Monday, May 20, 2024

Taylor Swift’s art of melodrama


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Taylor Swift album drops have become cultural moments – whether or not you are a fan of her music. Each album in the Swift catalogue seeks to open up new themes, discussion, sounds and ideas, while retaining a sense of familiarity that doesn’t alienate fans.

Lyrically, The Tortured Poets Department is a euphoric rejection of societal expectations. It embraces all the Taylor-isms her fans have come to know and love, from her one-note melodies to her recitative delivery (sung in the rhythm of ordinary speech). And it features her signature frank and open autopsies of relationships, delivered with maturity not only in the choices of language and obscenities but in Swift’s outlook on her life and relationships. This is accompanied by the rich electro-pop production of longtime collaborators Jack Antonoff and Aaron Dessner.

The first striking thing about the album (including its title), is the many references to poetry. The title track declares: “You’re not Dylan Thomas, I’m not Patti Smith”, pointing to other famously troubled (or “tortured”) lyrical poets.

This track sets the tone for an album where lyrics are the central feature, with Swift choosing developed imagery over catchy pop hooks. The title track is also a clear rejection of any notion that Swift is presenting herself as a bohemian, and asserts that she does not struggle for her art. In fact, she appears to mock those who do, sneering: “Who uses typewriters anyway?”

Tortured melodrama

One of the unapologetic lyrical themes of the album is Swift’s intense commitment to love, relationships and their aftermath. To help convey this, Swift uses melodrama as a narrative device. Melodrama is a genre of performance that uses heightened and often over-the-top expressions of emotion.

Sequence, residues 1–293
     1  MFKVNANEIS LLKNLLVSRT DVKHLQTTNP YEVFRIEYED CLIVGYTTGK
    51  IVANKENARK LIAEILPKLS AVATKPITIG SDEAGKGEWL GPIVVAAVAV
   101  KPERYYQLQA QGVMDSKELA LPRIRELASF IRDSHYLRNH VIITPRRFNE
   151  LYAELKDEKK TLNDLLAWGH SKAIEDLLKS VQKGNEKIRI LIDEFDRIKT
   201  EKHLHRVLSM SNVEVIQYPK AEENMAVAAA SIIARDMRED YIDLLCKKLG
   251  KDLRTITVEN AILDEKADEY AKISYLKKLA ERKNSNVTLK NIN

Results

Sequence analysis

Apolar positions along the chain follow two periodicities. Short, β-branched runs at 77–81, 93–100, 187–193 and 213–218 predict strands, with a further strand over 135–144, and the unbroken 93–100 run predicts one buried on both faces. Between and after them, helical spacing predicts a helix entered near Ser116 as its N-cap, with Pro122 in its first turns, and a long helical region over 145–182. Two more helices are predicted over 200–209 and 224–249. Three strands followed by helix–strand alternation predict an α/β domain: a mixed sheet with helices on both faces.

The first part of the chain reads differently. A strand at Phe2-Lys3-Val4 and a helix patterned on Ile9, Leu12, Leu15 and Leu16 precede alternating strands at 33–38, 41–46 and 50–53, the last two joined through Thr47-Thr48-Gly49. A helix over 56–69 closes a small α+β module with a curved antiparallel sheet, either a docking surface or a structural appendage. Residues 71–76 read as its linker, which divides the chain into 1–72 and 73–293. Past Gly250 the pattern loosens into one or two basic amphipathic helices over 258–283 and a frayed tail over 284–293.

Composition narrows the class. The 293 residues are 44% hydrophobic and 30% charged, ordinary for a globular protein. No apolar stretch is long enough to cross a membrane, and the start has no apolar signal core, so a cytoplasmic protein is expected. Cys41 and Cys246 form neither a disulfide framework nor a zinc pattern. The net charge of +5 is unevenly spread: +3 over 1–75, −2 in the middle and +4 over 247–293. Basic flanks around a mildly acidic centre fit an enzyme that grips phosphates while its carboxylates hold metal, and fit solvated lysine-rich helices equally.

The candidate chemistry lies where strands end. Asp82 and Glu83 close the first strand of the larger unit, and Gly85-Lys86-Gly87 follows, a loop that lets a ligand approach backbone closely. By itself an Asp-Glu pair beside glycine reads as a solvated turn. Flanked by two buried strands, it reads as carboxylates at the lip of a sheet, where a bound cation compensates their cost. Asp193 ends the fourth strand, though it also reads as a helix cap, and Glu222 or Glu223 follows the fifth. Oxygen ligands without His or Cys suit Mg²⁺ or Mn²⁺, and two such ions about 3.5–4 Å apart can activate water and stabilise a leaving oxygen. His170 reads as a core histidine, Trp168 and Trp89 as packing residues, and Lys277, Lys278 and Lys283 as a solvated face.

In Down Bad she evokes fantastic celestial imagery of “cosmic love” and being “heavenstruck”, but balances this with discovering the harsh realities of a relationship. She asks: “Did you really beam me up / In a cloud of sparkling dust / Just to do experiments on?”, perhaps suggesting that her passionate love is being taken advantage of.

Swift tempers this with the extreme assertion that: “If I can’t have him, I might just die”. This melodrama pervades the rest of the album to celebrate emotional vulnerability as she shares her innermost thoughts.

On I Can Do it With a Broken Heart Swift declares: “I’m so depressed, I act like it’s my birthday every day”, before proudly owning her emotion, declaring: “I cry a lot, but I am so productive, it’s an art”. Here, she claims that she can use heartbreak as a stimulus for creativity, rather than allow it to dictate her everyday life.

In his book Melodrama (1973) author James L Smith draws on philosophical critiques and analyses of music, poetry and theatre to help define the core characteristics of the genre. “In melodrama,” he explains, “man remains undivided, free from the agony of choosing between conflicting imperatives and desires”.

Swift often exhibits this in her lyrical retellings of past relationships, either positioning listeners at the beginning (Enchanted) or end of a relationship (We Are Never Ever Getting Back Together).

Smith also asserts that “melodrama presses its own extreme conflicts to extreme conclusions”. This speaks to the extremes of emotion explored in The Tortured Poets Department, including frequent references to death. “I might just die, it would make no difference”, Swift opines on Down Bad. “Lights, camera, bitch, smile / Even when you wanna die” is how she describes her emotional state during the recent Eras Tour in I Can Do It With a Broken Heart”.

Art forms like songs and poetry can be extremely valuable for artists to process and channel their emotions. Not only does this seem to hold true for The Tortured Poets Department, but the album functions as something of an invitation for listeners to process their own grief and heartbreak alongside Swift. An “alchemy” that turns for her own “tortured” nights into communal therapy. (The Conversation)


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